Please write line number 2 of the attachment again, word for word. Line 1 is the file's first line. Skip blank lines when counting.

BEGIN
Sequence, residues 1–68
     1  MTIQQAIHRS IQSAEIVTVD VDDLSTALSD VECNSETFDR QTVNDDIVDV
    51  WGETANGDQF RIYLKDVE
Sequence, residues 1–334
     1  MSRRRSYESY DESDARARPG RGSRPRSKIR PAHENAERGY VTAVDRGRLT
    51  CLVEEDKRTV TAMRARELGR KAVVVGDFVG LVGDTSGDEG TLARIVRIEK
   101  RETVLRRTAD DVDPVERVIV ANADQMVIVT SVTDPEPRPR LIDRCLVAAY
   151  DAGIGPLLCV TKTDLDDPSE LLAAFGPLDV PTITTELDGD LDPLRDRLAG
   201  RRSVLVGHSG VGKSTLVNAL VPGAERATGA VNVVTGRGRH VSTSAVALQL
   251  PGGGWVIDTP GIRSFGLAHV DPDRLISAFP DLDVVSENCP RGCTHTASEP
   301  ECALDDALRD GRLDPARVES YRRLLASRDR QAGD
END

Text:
     1  MTIQQAIHRS IQSAEIVTVD VDDLSTALSD VECNSETFDR QTVNDDIVDV